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Book Review: Invisible Planets Part 2 (“The Year of the Rat”)

February 4, 2017 Leave a comment

Greetings, folks!

To start my review of Invisible Planets I’ll be delving into Chen Qiufan’s “The Year of the Rat” and exploring the story in detail. To be frank, the story unfolded in a way that both surprised and stunned me, and I hope that, should you read this entire review, you’ll understand why. I get the feeling that this wasn’t just because of my admitted ignorance of Chinese culture, or the limits of trying to interpret this story from the perspective of a Westerner. The narrative is suggestive of a greater ignorance, in fact, not just on the part of the reader, but of the characters’ own confusion at the developments in the plot.

For this review, we’ll be looking at the human element of the story, since that seems to be what’s front and center; more specifically, the relationship between humanity and the themes of the story (economics, maturing, and technology, for instance).

This will be a long review, closing on about 5,500 words, examining several different elements of the story that I think are worth noting. It will also serve as a quick analysis of some aspects of the story from my perspective. Many of these thoughts are preliminary, and if you have any ideas you’d like to share, please do so in the comments.

To avoid potential spoilers for people who would rather read the story first (and there will be spoilers aplenty as the entire story is discussed in detail), the rest of the review can be read by clicking the “Read More” link below.

Read more…

Book Review: Dark Matter by Blake Crouch

February 3, 2017 Leave a comment

“I’ve seen so many versions of you. With me. Without me. Artist. Teacher. Graphic Designer. But it’s all, in the end, just life. We see it macro, like one big story, but when you’re in it, it’s just day-to-day, right? And isn’t that what you have to make your peace with?”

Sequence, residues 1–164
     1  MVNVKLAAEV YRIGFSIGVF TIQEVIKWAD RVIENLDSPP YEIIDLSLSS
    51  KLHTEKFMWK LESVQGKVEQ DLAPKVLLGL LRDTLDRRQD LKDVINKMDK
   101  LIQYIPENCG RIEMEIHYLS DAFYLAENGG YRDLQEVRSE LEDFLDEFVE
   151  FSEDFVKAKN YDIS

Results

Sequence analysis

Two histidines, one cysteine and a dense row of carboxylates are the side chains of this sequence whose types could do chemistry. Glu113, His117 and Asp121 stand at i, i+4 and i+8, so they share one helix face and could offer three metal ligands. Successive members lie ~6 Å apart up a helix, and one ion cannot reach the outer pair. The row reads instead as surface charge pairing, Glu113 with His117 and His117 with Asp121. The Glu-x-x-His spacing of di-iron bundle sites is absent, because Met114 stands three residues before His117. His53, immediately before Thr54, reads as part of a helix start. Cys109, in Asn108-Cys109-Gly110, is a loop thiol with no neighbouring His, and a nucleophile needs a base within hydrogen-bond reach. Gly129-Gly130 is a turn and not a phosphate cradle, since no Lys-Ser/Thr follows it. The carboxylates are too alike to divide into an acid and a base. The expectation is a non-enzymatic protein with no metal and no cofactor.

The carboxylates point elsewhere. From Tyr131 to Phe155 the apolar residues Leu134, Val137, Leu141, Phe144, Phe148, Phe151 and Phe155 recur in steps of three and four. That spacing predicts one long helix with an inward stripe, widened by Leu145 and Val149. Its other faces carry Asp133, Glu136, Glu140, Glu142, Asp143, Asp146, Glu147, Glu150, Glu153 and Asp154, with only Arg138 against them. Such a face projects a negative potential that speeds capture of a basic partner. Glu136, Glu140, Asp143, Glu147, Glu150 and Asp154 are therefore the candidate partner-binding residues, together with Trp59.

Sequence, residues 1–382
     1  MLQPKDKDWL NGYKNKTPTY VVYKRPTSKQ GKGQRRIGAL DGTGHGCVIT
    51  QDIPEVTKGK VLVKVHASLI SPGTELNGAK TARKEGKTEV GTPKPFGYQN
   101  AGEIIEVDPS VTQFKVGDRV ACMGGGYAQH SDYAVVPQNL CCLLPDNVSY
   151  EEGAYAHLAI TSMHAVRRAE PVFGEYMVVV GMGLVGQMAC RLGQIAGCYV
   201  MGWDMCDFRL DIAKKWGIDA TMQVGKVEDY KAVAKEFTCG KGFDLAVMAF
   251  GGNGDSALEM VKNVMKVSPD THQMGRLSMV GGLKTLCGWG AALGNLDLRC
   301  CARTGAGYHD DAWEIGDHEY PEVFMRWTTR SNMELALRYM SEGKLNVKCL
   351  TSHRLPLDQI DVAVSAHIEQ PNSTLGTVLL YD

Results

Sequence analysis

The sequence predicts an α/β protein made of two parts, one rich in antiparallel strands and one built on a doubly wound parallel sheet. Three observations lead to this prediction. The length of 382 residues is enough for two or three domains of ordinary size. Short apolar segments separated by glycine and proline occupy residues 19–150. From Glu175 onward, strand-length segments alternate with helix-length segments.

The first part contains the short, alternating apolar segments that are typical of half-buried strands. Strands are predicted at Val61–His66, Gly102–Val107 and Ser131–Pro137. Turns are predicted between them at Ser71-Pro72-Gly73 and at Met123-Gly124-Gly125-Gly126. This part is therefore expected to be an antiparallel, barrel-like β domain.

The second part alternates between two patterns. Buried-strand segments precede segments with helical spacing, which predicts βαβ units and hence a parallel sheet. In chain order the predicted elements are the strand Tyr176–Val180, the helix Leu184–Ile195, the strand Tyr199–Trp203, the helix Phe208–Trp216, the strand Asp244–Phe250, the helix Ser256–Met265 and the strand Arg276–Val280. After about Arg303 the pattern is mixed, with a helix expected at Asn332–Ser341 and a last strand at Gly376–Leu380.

Dark Matter by Blake Crouch is a novel that is particularly concerned with two important questions: 1) Who are we? and 2) What if? Like any good science fiction novel, it uses science (in this case some really abstract concepts from quantum physics) to explore not possible consequences of the science, but the ways in which it impacts humanity. Basically, science fiction explores how these concepts relate to us.

The novel opens with Jason Dessen, his wife Daniela, and their son Charlie in their home on family night. Jason contemplates the choices he’s made in life leading him to this point–having a wife, a son, and a mediocre job as a small college physics professor–when he could have stuck with his career and made world-changing discoveries. There’s regret, yes, but I also suspect resignation on the part of himself and Daniela, who also gave up her dreams for her family.

Jason goes out to congratulate an old friend, Ryan, at a local bar for winning the Pavia Prize, awarded to people who make breakthroughs in science. On the way back home, he’s held at gunpoint, kidnapped, and taken to an abandoned power plant where a mysterious man drugs him. He awakens in a hangar he doesn’t recognize, surrounded by people who are familiar with him but who he doesn’t know, and later learns that he invented a kind of machine that allows a person to travel between different universes (along the lines of the Many Worlds interpretation of quantum mechanics).

“I don’t know. I could see it getting to the where it didn’t feel real anymore. Because it isn’t. The only thing that’s real in this moment is this city. This room. This bed. You and me.”

What I appreciate most about this novel is how it takes complicated ideas and weaves them seamlessly into an extremely compelling narrative, following Jason (or the Jason that is the most familiar to us), as he deals with the situation he is unwillingly thrust into. The complicated ideas don’t weigh the novel down or make it hard to understand; it flows naturally from the characters’ dialogue. In this, Crouch creates a novel that is, at its core, a thought experiment. Given the idea that for every decision we make universes split off to encompass every possible outcome, and given a kind of technology that allows people to travel to these other universes, how might humans use this technology and how might they interact with it?